Jan 12, 2022
Lettuce Aphids Showing Up Early This Season
Lettuce aphids, Nasonovia ribisnigri, (aka., red aphid) have been found colonizing lettuce fields since mid-December in several locations throughout Yuma. In the desert, we typically associate lettuce aphid with the warm growing conditions in February and March. However, in the past few weeks, I've identified lettuce aphids infesting head and romaine lettuce in both organic and conventional production in Dome Valley, Gila Valley, Yuma Valley and across the river in Mexico. This is by far the heaviest I’ve seen lettuce aphids colonize lettuce in the desert this early in the season. Foxglove aphid is also being reported in the Yuma Valley, albeit at much lower abundance. Given their widespread incidence, Lettuce aphids likely came into the desert on one of the multiple flights of winged aphids we’ve reported from sticky traps this winter (see Areawide Trapping Network). Experience has taught us high temperatures in the 70-80's are ideal for population growth of these aphid species. Our local weather forecast suggests that high temperatures will be in the 70’s with moderate nighttime lows in the 50’s for the next two weeks. Assuming the weather service is correct, these conditions may be conducive for lettuce and foxglove aphid population growth. So be prepared to battle them.
A few things to remember about lettuce aphids relative to the other aphids we commonly see. First, the immature nymphs are small and have a red appearance, whereas the apterous (wing-less) adults are typically a large brown colored aphid with dark bands running across the abdomen (see images below). Second, among the crops we grow locally, lettuce aphids are only found on the lettuce types (Lactuca spp.). Lettuce aphids prefer to colonize the terminal growth, and can often be found in heads or hearts, whereas green peach aphids are often found on the frame leaves in high numbers before moving into the heads. Sampling should be focused on the terminal growth of young plants, and in the heads and hearts of older plants. Third, they can reproduce prolifically, producing many more alates (winged) adults than other species, which can quickly lead to widespread abundance in a field and dispersal throughout a growing area. Finally, as the saying goes "he who hesitates is lost". If lettuce aphids are found on your lettuce, it is recommended that you respond quickly with an insecticide treatment. The product of choice is Movento at 5 oz/ac. Because of its systemic activity, Movento will reach aphids in the protected terminal growth. Be sure to include a penetrating adjuvant for best results at a rate of at least 0.25% v/v. It normally requires about 7 days of activity before significant reduction in the infestation is observed but can take longer (10-14 days) in cool, cloudy weather. Sequoia and Sivanto are good rotational products if coverage of terminal areas can be attained. For more information on lettuce aphid please refer to Lettuce Aphid on Spring Produce-2022. If you’re finding lettuce aphid on organic lettuce, good luck; we’ve not had much success in controlling them with available biopesticides.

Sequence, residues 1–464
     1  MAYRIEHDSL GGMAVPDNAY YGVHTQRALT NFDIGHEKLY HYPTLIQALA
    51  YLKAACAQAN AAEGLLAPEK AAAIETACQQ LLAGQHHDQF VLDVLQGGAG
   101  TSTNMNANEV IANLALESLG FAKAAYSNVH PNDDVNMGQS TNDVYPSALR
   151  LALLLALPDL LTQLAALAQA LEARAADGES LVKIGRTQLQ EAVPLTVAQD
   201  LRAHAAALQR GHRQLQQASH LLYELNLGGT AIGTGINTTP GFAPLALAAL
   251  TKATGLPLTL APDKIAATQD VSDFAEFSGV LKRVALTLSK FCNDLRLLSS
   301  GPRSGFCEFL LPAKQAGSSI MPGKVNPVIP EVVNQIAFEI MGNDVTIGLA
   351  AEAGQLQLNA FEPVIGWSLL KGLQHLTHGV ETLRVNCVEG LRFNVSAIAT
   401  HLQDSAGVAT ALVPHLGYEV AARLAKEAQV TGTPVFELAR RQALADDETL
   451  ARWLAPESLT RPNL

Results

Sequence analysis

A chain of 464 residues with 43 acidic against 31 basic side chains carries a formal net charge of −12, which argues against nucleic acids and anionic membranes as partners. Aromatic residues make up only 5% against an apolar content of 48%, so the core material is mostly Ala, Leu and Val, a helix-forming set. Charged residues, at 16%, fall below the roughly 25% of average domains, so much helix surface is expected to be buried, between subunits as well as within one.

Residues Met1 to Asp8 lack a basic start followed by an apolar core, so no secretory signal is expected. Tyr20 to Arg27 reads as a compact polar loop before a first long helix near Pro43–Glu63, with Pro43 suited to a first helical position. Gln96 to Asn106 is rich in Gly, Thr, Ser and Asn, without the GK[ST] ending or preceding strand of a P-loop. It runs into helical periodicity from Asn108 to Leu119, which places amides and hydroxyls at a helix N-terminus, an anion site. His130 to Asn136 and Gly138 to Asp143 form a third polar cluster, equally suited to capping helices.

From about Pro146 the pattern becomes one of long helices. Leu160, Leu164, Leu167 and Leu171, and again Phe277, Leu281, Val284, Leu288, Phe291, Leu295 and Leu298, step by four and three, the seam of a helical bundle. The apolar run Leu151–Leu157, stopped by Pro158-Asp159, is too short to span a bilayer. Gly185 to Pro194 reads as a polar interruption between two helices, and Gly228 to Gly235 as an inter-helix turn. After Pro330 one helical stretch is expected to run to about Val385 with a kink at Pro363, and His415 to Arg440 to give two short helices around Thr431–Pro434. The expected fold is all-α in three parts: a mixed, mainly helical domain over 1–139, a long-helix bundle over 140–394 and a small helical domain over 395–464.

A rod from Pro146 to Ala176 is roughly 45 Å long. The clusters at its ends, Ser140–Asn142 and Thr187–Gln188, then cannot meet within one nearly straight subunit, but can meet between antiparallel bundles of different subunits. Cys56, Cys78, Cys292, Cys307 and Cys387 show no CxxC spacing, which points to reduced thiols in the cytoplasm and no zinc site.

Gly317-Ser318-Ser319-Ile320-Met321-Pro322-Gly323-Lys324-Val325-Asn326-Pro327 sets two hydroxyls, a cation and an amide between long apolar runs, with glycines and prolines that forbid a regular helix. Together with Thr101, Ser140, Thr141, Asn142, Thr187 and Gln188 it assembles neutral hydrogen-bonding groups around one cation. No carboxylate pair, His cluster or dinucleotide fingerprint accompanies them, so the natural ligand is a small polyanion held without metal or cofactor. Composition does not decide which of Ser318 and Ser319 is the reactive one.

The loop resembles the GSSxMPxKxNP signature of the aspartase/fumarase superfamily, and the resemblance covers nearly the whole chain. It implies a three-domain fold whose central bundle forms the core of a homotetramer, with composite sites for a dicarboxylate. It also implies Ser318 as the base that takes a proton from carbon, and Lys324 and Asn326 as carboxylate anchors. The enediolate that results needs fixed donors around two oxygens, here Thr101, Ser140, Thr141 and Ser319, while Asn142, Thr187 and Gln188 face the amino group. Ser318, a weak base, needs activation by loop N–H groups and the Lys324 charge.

To contact John Palumbo go to: jpalumbo@ag.Arizona.edu